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As a young child, Gamal ‘G’ Turawa was brought up in a white foster family in Kent. He didn’t give much thought to being Black until he moved to London with his biological father, where a Metropolitan Police officer spewed a racist insult at him. Why then did he end up aspiring to become an officer with the same police force? Recounting his life’s story with riveting candour, Turawa explores how a deep-seeded desire ‘to be as white as possible’ led him to a career at the Metropolitan Police, the racism he experienced there and even perpetrated himself as an officer, and how coming out of the closet as a gay man ultimately led him down a path of self-acceptance and self-understanding. Intimately captured by the UK director Cherish Oteka, the documentary The Black Cop: A Villain, a Victim and a Hero is both a troubling account of institutional racism in the UK and, through Turawa, a deeply moving portrait of the complexities of identity.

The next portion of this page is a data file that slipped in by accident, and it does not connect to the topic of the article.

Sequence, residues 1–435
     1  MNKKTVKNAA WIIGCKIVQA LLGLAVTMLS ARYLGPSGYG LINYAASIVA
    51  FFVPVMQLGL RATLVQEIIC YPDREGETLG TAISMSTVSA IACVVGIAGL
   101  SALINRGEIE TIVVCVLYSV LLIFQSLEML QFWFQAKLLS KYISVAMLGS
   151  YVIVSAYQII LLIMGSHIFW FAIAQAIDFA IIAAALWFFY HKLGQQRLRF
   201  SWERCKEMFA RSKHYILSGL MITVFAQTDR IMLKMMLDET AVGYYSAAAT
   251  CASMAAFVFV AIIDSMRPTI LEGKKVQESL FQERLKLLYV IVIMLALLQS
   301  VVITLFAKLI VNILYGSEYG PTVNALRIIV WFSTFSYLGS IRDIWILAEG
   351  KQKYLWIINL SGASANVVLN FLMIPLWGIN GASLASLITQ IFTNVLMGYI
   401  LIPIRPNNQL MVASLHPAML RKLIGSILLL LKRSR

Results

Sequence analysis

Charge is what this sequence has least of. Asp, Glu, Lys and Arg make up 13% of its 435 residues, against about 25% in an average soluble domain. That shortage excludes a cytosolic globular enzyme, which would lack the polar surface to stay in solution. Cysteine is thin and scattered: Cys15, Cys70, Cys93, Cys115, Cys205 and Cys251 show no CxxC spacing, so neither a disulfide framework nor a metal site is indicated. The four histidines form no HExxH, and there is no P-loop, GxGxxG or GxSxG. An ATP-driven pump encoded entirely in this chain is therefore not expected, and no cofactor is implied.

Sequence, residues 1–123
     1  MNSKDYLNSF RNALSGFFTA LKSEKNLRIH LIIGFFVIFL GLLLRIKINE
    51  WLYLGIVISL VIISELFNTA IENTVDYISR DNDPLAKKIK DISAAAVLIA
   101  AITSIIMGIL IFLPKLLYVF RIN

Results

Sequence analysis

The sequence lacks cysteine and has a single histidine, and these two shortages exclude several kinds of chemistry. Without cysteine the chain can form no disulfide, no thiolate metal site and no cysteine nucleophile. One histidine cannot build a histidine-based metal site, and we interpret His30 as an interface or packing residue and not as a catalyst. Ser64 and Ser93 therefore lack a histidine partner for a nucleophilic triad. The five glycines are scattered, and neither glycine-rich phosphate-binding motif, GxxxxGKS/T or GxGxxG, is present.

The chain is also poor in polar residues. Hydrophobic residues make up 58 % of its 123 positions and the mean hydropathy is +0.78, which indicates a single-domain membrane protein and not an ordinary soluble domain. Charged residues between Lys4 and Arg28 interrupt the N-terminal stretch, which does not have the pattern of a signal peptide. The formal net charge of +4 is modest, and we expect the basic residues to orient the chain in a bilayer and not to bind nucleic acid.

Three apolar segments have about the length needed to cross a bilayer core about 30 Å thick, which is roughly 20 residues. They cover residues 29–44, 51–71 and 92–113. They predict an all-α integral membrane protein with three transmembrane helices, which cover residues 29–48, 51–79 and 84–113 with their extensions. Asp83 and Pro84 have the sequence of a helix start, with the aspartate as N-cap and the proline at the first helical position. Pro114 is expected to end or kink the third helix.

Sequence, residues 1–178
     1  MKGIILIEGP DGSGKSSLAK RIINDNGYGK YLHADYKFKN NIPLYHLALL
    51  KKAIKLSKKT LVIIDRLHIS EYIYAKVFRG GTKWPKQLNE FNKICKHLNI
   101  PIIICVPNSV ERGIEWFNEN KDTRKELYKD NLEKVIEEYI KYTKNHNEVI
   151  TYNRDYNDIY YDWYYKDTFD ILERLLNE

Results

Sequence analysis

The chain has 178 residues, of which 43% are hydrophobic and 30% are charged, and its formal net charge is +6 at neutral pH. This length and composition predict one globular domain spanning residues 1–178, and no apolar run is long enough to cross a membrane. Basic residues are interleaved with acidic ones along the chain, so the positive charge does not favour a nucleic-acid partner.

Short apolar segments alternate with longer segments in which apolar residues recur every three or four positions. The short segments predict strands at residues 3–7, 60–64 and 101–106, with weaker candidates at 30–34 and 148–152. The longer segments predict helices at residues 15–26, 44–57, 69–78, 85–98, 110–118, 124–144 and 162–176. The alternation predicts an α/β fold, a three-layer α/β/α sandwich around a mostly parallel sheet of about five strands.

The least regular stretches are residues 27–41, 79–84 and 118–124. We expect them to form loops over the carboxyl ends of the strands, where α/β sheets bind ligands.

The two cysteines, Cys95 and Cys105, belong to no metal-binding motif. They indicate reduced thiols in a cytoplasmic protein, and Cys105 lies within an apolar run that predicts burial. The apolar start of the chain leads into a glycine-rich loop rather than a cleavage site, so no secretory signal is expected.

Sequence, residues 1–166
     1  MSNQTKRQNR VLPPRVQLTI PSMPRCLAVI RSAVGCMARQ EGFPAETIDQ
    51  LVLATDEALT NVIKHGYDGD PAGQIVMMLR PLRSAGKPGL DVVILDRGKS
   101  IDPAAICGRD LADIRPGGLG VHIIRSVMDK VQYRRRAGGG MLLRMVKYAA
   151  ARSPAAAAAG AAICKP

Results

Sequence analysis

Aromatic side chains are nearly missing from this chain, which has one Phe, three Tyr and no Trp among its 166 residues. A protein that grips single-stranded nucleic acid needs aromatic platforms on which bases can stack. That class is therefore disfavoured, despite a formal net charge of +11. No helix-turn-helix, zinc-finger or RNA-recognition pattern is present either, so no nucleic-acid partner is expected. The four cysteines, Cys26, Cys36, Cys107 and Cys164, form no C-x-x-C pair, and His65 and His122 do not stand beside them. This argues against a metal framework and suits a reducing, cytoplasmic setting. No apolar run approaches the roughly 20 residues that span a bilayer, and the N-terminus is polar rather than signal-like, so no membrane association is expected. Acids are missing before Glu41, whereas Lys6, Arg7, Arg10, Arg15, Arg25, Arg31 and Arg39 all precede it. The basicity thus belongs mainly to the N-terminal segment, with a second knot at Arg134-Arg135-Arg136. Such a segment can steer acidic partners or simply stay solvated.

Design and fashion
The mundane becomes mesmerising in this deep dive into segmented displays
A song of ice, fire and jelly – exploring the physics and history of the trumpet
Tour the European architecture that dreamed of a wondrous, fictitious China
Trek alongside spiritual pilgrims on a treacherous journey across Pakistan
Thinkers and theories
Photographs offer a colonialist window to the past – one that must be challenged
Animals and humans
An artist and ants collaborate on an exhibit of ‘tiny Abstract Expressionist paintings’
How a curious question about colouring maps changed mathematics forever
Meaning and the good life
The world turns vivid, strange and philosophical for one plane crash survivor
The rise and fall of Kowloon Walled City, Hong Kong’s infamous urban monolith